Home > Case Studies, Competitive Intelligence, News stories > We were duped – EMI, Terra Firma and its argument against Citigroup

We were duped – EMI, Terra Firma and its argument against Citigroup

November 5, 2010 Leave a comment Go to comments

We were duped – Terra Firma closes its argument against Citigroup(news item available to subscribers only) is the headline in the London Times (3 November 2010) reporting on Terra Firma‘s case against Citigroup relating to its 2007 purchase of the music group, EMI (which they lost).

I’ve been watching this news story, and EMI, for a number of years – as an example of a classical competitive intelligence failure. In fact, it’s not just one – but two failures. The first is the failure of the once great company, EMI, while the second is the failure to check sources and do appropriate due diligence, by Guy Hand’s firm, Terra Firma. As a case study in business failures, I believe it is a classic.

EMI’s history dates back to the early days of recorded music and it was once at the pinacle of its industry. Artists on EMI labels included The Beatles, Pink Floyd, Queen, Kylie Minogue, Coldplay, Lily Allen, KT Tunstall, Robbie Williams, and many many more. I grew up listening to albums such as David Bowie’s “Ziggy Stardust“, the Beatles “Sgt. Pepper’s Lonely Heart’s Club Band” and the unforgettable “Dark Side of the Moon” from Pink Floyd (the latter during free periods in my last year at school – that dates me 🙂 )

However EMI never adjusted to the idea of music downloading and the Internet. Rather than accept that there was a new technology that meant that the old model was dead, it tried to use court case after court case to kill the emerging hydra. Rather than fighting peer-to-peer online sharing of music it should have seen it as inevitable and that this reflected a new way for distributing music.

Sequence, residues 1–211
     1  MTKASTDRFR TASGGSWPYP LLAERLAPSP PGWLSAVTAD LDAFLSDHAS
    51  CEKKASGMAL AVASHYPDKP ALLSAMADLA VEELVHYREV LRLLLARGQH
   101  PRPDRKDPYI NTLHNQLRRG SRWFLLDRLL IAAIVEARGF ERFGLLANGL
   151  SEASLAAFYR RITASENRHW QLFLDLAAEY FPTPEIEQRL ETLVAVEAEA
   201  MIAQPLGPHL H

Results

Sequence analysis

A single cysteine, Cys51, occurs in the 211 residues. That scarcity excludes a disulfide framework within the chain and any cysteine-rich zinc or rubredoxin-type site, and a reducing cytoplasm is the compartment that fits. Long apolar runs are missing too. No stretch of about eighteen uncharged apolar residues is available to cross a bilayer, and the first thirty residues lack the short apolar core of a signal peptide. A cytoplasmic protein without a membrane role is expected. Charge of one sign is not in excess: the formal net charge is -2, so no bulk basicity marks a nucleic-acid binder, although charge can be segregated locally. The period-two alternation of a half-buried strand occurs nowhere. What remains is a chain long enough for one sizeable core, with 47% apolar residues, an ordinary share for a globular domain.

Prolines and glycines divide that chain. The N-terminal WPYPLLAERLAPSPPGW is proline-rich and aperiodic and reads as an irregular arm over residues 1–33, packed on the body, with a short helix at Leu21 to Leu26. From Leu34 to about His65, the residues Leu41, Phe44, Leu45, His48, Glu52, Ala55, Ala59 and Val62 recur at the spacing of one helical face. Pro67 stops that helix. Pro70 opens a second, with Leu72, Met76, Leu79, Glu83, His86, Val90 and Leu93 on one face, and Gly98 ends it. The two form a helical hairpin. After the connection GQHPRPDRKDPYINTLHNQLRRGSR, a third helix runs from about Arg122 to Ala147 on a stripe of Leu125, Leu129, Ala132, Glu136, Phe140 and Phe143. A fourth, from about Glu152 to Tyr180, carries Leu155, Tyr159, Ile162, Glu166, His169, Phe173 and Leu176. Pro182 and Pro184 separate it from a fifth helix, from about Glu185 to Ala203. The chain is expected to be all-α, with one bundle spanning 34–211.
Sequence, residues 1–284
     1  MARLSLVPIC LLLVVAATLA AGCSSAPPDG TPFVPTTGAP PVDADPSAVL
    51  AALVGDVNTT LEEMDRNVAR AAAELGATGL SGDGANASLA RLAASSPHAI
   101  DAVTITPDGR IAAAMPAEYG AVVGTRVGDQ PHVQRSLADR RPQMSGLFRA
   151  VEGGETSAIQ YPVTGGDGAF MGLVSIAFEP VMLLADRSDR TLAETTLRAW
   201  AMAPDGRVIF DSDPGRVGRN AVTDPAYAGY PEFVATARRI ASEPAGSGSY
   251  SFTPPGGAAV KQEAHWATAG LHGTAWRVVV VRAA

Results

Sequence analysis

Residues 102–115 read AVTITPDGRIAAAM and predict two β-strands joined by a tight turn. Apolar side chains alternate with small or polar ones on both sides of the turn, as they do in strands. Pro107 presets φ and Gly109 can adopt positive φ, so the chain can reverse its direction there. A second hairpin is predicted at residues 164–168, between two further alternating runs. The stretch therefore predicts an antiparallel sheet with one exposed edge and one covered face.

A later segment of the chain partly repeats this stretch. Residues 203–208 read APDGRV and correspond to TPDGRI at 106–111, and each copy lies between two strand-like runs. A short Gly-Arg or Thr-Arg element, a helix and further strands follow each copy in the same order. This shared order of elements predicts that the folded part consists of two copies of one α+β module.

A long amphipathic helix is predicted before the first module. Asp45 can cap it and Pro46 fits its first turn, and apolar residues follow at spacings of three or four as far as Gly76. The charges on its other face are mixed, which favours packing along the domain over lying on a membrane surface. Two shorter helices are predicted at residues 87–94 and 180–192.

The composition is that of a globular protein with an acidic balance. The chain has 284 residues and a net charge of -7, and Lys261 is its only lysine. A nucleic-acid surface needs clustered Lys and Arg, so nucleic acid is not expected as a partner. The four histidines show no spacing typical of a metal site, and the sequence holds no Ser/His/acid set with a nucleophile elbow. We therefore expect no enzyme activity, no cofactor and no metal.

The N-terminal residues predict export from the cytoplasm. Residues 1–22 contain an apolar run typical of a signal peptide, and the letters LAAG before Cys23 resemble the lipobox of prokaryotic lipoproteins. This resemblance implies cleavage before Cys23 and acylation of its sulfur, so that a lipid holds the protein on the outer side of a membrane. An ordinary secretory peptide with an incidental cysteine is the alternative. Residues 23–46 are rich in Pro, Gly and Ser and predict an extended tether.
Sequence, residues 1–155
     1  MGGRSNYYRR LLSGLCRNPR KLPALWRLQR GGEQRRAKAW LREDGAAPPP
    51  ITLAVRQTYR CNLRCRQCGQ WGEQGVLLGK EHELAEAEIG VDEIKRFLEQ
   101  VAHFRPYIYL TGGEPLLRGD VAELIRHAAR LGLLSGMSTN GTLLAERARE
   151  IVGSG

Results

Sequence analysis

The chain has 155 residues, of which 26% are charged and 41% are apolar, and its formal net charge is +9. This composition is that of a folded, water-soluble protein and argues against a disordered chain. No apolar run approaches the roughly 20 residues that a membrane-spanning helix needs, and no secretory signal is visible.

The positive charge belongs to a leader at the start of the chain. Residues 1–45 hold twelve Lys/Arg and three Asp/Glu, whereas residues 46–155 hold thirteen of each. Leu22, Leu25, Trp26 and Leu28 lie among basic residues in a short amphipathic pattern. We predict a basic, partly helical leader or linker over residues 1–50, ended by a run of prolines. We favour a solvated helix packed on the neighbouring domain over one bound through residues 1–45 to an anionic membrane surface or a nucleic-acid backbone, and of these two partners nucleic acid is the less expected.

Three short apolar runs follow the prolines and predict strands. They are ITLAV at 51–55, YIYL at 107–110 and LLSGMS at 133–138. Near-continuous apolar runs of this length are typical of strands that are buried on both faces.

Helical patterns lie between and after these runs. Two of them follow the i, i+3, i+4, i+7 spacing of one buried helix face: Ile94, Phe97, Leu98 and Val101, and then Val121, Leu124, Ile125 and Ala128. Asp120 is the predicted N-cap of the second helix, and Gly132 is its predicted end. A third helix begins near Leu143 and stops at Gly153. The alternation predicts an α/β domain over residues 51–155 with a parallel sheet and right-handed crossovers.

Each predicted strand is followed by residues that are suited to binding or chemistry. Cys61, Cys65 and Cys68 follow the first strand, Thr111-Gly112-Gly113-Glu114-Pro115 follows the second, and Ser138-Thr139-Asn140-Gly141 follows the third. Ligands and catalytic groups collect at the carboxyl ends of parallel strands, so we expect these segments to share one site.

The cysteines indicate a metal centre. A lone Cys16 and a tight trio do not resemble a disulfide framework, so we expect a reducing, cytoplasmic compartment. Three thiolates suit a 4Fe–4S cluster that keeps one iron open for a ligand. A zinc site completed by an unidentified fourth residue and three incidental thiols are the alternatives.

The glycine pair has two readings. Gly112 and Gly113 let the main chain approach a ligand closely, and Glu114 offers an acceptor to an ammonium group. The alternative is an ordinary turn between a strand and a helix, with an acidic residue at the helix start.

Music sharing was not new. People would regularly tape records and CDs – and although this was a problem for the recording companies, it was usually small scale and so could be overlooked. Even if one person didn’t purchase a record, their friend had. I believe that many records would be purchased just so you could hear a decent recording – rather than the bootleg taped version, so this copying served a purpose by publicising the music.

The Internet changed this – especially when services such as Napster emerged. The view of companies such as EMI was that such services had to be smashed – and that the old models had to be preserved. This did not mean that there were no new approaches that could have been adapted, and that they had no choice: there were. Last.fm, Pandora, Spotify, boxee and iTunes are all examples of services that take account of the web, online music streaming and similar to make money (albeit not all have yet broken into profit). Each of these offers a new model for distributing music – via low-cost downloads (iTunes), to subscription services (with a mix of free and paid versions) such as Spotify – backed up by advertising. Had EMI investigated such options the problems that led to its failure and eventual sale may have been avoided.

This is the first competitive intelligence failure and lesson.

Competitive Intelligence doesn’t just look at competitors. It also looks at the competitive environment and attempts to anticipate business change. It assesses the business change – and looks at the implications, allowing decision makers to develop strategies that cope effectively with the change. EMI certainly recognized the change represented by the Internet, but failed to understand its significance and so failed to adapt to what should have been obvious i.e. that the Internet was a radical change rather than an evolutionary development.

Such change occurs periodically – but always has a massive impact on businesses that fail to adapt their business model. Classic examples include the